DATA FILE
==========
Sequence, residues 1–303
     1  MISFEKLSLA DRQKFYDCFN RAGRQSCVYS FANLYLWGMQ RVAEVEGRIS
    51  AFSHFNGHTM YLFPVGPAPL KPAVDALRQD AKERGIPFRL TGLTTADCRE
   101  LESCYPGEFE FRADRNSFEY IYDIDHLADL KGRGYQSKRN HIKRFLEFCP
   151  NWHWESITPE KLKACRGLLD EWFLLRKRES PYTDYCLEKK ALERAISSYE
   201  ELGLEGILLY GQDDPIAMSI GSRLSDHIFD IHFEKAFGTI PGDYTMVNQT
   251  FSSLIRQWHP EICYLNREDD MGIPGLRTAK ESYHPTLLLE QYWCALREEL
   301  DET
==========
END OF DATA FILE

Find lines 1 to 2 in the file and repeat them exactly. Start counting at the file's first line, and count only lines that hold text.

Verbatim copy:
Sequence, residues 1–303
     1  MISFEKLSLA DRQKFYDCFN RAGRQSCVYS FANLYLWGMQ RVAEVEGRIS